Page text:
Editor, Ehlers–Danlos syndrome type III (also called hypermobility type) is an autosomal dominant-inherited disease of the connective tissue with an incidence of 1: 150 000 . Although defects in the genes encoding for procollagen III (COL3A1) or tenascin-X (TNXB) have been suggested as possible candidates, up to now the precise defect for this genetic disease remains unknown . From an anaesthesiologist's point of view, the most important features in patients with Ehlers–Danlos syndrome are vessel fragility, poor skin healing, excessive bleeding, spontaneous pneumothorax, joint dislocation including vertebral instability, valvular prolapse and – in type IV – spontaneous dissections and ruptures of major vessels. Thus, the vessel fragility and successive bleeding as well as scoliosis may be a relative contraindication against regional anaesthesia in favour of general anaesthesia, whereas cervical spine joint laxity, skin fragility, an increased risk of temporomandibular joint dislocation, laryngeal trauma and pneumothorax may push the pendulum back in the direction of regional anaesthesia. Furthermore, there have been studies showing that subcutaneous infiltration of lidocaine has a reduced time of action and that transcutaneous application of a eutectic mixture of lidocaine 2.5% and prilocaine 2.5% (EMLA, AstraZeneca, Södertälje, Sweden) did not produce sufficient analgesia . Additionally, patients with benign joint hypermotility syndrome (incidence 1: 10 000), a syndrome with clinical features overlapping with those of Ehlers–Danlos syndrome type III, and a possibly similar genetic background  report an increased ratio of local anaesthesia failure compared with controls . In contrast to these observations, there have been case reports of successful epidural and spinal anaesthesia in patients with Ehlers–Danlos syndrome [5–7].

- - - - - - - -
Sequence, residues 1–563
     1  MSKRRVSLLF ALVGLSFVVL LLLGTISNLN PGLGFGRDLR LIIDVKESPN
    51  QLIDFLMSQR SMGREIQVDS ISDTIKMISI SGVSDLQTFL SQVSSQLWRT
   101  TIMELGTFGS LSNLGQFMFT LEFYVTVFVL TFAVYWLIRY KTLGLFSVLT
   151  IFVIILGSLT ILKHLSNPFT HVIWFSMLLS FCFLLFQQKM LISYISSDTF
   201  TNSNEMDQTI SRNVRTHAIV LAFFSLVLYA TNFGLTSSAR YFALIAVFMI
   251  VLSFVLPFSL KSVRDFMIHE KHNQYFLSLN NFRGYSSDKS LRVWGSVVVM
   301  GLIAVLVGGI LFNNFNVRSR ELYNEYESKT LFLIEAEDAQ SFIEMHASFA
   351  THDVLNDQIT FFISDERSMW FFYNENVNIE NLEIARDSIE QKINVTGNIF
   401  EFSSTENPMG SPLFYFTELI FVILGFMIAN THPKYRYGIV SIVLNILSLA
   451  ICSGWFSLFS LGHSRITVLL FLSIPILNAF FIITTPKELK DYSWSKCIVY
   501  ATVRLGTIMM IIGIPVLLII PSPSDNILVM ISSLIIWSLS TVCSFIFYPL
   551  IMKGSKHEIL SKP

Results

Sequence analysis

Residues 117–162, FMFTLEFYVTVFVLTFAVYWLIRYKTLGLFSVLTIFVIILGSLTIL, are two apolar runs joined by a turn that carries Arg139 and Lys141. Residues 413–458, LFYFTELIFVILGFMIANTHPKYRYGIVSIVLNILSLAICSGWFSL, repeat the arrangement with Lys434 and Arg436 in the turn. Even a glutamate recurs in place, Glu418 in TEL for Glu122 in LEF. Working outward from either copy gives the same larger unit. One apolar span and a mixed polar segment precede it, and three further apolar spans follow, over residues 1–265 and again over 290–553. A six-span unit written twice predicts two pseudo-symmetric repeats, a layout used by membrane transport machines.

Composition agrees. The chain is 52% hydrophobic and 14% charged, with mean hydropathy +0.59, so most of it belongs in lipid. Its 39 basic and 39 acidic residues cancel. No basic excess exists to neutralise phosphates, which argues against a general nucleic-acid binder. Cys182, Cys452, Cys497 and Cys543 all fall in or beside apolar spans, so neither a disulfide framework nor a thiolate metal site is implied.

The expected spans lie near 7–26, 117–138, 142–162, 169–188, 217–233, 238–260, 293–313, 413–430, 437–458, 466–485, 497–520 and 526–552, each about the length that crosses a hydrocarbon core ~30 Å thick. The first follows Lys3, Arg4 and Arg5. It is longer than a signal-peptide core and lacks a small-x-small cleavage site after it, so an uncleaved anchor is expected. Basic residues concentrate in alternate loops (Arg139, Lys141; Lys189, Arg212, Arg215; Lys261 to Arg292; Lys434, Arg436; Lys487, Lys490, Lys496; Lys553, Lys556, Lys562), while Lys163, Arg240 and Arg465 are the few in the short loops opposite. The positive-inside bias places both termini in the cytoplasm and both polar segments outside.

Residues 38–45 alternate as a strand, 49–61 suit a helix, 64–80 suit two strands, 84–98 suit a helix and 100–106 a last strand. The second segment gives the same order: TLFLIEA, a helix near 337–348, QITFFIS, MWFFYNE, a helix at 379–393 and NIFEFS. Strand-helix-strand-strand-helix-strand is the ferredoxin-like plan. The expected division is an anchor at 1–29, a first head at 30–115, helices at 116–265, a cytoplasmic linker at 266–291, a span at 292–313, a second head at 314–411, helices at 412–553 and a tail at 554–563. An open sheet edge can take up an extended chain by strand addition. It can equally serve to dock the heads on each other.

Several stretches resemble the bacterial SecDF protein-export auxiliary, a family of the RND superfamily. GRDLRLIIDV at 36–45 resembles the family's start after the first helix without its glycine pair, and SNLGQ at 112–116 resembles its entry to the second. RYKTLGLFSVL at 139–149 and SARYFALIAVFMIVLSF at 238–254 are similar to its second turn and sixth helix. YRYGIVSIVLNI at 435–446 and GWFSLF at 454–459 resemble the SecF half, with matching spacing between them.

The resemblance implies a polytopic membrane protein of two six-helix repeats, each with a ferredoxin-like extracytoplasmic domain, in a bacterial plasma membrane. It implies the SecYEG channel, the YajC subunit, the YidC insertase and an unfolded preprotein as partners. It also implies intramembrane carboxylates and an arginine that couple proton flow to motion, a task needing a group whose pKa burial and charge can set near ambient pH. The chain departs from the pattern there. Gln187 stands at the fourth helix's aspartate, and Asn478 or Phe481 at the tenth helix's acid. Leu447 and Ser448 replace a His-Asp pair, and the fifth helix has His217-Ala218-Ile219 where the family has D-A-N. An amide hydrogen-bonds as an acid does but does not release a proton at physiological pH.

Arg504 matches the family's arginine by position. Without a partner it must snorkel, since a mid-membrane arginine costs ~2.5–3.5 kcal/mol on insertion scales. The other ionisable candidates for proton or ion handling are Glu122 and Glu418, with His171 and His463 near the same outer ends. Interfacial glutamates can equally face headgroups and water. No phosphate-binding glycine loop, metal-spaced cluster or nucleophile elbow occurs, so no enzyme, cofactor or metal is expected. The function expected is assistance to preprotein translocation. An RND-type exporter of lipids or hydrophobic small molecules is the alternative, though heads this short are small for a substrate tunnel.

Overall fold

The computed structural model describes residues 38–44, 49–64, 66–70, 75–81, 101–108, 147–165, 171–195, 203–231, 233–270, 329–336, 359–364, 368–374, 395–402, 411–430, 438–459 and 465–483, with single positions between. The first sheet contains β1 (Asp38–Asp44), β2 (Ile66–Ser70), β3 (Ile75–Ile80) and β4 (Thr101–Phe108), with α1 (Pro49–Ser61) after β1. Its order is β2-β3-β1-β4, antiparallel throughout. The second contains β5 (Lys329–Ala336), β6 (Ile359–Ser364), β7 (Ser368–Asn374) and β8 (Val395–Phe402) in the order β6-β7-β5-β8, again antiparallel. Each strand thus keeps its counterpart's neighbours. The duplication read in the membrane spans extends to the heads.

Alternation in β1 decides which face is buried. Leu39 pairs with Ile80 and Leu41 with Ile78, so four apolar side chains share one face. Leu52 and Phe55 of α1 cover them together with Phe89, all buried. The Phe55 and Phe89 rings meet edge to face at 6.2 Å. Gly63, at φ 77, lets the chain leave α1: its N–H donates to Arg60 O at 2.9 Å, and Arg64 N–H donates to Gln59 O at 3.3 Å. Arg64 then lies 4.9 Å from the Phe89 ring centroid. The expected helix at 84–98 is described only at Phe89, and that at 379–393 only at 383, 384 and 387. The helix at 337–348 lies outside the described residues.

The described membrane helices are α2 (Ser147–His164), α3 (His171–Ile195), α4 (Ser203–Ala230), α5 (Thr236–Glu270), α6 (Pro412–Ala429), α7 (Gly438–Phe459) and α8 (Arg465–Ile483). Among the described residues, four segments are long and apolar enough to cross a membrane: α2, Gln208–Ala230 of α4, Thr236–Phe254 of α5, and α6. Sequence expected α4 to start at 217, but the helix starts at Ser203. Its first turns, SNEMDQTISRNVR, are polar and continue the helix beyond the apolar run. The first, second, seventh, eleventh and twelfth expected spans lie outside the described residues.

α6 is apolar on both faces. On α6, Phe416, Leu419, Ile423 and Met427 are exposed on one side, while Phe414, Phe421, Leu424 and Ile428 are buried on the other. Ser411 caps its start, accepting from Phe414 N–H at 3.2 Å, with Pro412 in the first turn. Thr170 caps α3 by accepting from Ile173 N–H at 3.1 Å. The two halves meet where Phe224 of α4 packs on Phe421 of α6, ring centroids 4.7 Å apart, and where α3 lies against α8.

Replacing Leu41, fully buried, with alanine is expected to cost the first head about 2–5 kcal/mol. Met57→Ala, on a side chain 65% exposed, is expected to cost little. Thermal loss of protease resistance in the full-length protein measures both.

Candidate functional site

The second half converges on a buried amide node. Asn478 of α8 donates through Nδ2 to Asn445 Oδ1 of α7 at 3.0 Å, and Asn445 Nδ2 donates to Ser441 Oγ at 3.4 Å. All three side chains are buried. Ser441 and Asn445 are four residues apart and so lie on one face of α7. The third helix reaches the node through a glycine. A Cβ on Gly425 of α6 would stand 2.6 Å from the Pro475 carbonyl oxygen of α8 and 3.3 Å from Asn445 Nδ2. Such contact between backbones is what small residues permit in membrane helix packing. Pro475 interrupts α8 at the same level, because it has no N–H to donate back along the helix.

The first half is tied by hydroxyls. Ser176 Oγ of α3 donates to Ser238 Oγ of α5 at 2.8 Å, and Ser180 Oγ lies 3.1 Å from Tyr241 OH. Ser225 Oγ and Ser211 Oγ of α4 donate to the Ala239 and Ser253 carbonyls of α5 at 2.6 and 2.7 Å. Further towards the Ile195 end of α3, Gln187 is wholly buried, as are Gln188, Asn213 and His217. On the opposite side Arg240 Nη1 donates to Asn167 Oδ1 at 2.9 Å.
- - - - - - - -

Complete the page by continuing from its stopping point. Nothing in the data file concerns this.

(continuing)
To our knowledge, there are no reports on peripheral nerve blocks in patients with Ehlers–Danlos syndrome. This would be interesting, especially in patients with Ehlers–Danlos syndrome type III, as, in these patients, the ‘possibility of a resistance to local anaesthetics’ has been stated . Furthermore, these patients undergo repeated operations for their unstable joints, and it would be valuable to have knowledge about the possibility of peripheral nerve blockades in these patients.
A 56-year-old female patient was scheduled to undergo a repeated arthroplasty of her left carpometacarpal joint. She was known to have a mitral valve prolapse, had undergone an anterior cervical hernia operation C5/6 and C6/7 and was treated for arterial hypertension. She had been diagnosed with Ehlers–Danlos syndrome type III on clinical grounds several years earlier and had undergone several orthopaedic, traumatologic and plastic surgeries in the past. She had undergone surgery on her wrists four times under brachial plexus blockade anaesthesia. On detailed questioning, she reported that all regional blocks were sufficient and did wear off within reasonable time. Review of the anaesthesia files revealed that she had had an axillary block twice and a vertical infraclavicular block twice: all of them had been done within the previous 2 years with the help of a nerve stimulator. On three occasions she had received 40 ml mepivacaine 1.5% with epinephrine 1: 200 000 and on the fourth occasion 30 ml levobupivacaine 0.375% for an axillary block. One axillary block had to be supplemented by a distal radial nerve block at the level of the elbow with 10 ml lidocaine 1%. Furthermore, all blockades were successful, and the operations had been performed without additional sedation or analgesia. The blockades with mepivacaine wore off 4–5 h after the injection while the patient was still in the recovery unit, whereas the blockade with levobupivacaine lasted 6–8 h. Thus, she had a completely normal history of peripheral nerve blockades with a typical duration of blocks.